"Everything You Have Learned in School is Wrong"
by Baron Bodissey
Our Norwegian correspondent The Observer has translated an article from Rights.no about the ghastly predicament in which young Norwegians find themselves within heavily culturally enriched districts of Oslo.
Well-off natives can afford to move to safe, pleasant white enclaves, where they may send their children to school among white native speakers of Norwegian. Less affluent citizens are not so fortunate, however, and are forced to endure the humiliation and degradation of the Multicultural behavioral sink in which their political masters have consigned them to live.
The translator includes this introductory note:
The translated article:
He doesn't lower his head. He refuses to take any crap. He answers back. He's loudmouthed. He is who he is. It does not matter. But that's not why they target him. It is an autumn evening in seventh grade. He is playing tennis. When he leaves the court to collect some tennis balls they appear. They are seven or eight Somalis. The beat the crap out of him, he has to get new teeth put in.
Marius doesn't slow down. He calls a Roma girl a gypsy, something that isn't appreciated. When her brothers and cousins come for him, he hides in the principal's office. It has begun.
He lowers his gaze, he wants to be like them, talk like them, he alters his language, limits his vocabulary, makes deliberate spelling mistakes — 'an school', kebab-Norwegian, buys a soft gun, wants to be like the older, tougher, cool Pakistani guys that have cars and money and no job, why not become a Muslim, become a brother?
He wants to be like them, but he doesn't become like them, something inside him is resisting.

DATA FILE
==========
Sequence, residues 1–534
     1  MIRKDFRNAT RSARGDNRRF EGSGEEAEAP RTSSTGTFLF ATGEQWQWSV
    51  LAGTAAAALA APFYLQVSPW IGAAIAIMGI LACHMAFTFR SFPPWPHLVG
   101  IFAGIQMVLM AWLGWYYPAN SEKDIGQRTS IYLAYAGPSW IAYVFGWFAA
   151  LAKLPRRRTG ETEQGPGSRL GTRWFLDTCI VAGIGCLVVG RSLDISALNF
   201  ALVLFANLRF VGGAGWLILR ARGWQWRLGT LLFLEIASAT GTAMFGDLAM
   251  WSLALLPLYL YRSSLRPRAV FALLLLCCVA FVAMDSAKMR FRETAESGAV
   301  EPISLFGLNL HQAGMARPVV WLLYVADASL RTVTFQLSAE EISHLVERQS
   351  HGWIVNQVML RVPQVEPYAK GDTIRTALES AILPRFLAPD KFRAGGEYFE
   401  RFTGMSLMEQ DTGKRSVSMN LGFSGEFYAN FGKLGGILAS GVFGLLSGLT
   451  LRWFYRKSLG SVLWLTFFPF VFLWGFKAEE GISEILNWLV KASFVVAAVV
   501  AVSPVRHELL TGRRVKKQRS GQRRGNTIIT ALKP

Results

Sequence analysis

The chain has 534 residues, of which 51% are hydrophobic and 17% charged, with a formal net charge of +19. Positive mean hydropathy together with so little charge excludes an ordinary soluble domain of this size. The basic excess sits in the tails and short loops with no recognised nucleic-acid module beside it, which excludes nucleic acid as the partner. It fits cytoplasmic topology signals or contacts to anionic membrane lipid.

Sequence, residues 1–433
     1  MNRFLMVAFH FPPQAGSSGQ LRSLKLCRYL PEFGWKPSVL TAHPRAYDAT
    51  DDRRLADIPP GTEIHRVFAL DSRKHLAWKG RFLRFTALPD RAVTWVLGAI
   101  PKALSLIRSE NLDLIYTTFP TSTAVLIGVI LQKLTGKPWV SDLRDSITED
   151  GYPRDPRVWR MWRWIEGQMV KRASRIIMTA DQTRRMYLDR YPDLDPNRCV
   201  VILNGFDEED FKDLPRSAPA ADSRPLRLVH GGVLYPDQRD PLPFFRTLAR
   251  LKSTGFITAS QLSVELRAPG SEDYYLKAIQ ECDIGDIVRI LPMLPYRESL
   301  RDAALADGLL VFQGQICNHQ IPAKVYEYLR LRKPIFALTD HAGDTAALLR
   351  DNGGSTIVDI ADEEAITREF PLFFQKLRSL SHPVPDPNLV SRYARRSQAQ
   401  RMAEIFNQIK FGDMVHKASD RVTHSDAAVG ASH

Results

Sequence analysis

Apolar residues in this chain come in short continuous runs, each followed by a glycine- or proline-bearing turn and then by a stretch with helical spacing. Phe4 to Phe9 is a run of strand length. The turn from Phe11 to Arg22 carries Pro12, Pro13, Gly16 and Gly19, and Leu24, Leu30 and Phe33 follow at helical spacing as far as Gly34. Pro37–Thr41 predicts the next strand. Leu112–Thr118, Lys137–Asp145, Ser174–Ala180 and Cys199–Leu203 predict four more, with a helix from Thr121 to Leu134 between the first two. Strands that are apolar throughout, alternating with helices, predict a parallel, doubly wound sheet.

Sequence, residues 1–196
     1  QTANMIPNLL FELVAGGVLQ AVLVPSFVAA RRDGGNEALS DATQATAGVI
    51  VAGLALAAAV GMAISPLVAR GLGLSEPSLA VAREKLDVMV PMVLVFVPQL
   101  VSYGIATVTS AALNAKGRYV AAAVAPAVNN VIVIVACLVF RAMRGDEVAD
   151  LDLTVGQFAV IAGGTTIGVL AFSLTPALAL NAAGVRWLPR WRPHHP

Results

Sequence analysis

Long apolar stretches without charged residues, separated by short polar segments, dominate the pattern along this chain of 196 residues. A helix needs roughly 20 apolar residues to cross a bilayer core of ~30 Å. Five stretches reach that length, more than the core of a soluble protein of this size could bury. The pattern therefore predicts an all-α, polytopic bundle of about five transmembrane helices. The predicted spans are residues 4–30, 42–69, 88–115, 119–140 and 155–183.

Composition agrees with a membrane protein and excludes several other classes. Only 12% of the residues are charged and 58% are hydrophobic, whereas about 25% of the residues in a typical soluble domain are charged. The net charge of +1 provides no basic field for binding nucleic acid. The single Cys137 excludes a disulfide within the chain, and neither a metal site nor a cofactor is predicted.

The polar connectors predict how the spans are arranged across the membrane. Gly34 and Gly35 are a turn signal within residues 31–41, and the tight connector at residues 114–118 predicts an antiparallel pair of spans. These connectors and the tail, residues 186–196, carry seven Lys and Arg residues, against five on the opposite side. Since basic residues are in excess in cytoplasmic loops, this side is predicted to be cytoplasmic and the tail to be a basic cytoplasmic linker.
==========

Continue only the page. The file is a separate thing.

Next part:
Fragments: the bad grades in the Norwegian classes, the bad friends, Islam, he notices how they view women, as an object, how they react when he tries to discuss Islam with them, how they talk about respect, but don't show any respect, how they refer to Norwegians as f***ing Norwegians, whitey, potato; something inside him resists.
He withdraws. They notice that he withdraws. Then it starts.
We learn about the suffering of Marius:
He heads off to school an hour before it starts in the morning. He heads home before it finishes in the afternoon. More episodes, more threats. Fear is not an isolated event, but rather a continuous stream.
In tenth grade he goes to see the doctor and lies about having social anxiety. He is given a medical certificate so he can spend as little time as possible in school. He's scared. Says that they always come in packs. Says that they always stare when he sees them on the subway when there are twenty of them, and when he gets a girlfriend they cry out to him:
"'Hey Marius have you got yourself a girlfriend,' and it's not the words that are threatening, but the way they are being uttered, do you understand, how they look at me and my girlfriend who starts to cry, do you understand?"
NRK's "concept" of "our valley"
We are being told that Marius' fears have subsided, although they can still return:
It has been three years since he graduated from high school. He can still feel a twinge of fear whenever he meets the gangs on the subway, but he doesn't give a ****, he has made four movies, he says what he thinks, he is who he is, the valley is what it is, he writes op-eds about life in Groruddalen and gets them published in VG and Dagsavisen, he is only nineteen but he has already had a heart attack and he has been interviewed twice by the producers of the Norwegian TV series 'Dalen Vår' ['Our Valley'], Elisabeth Brun (see separate article) to find out if his story fitted in with the story about Groruddalen.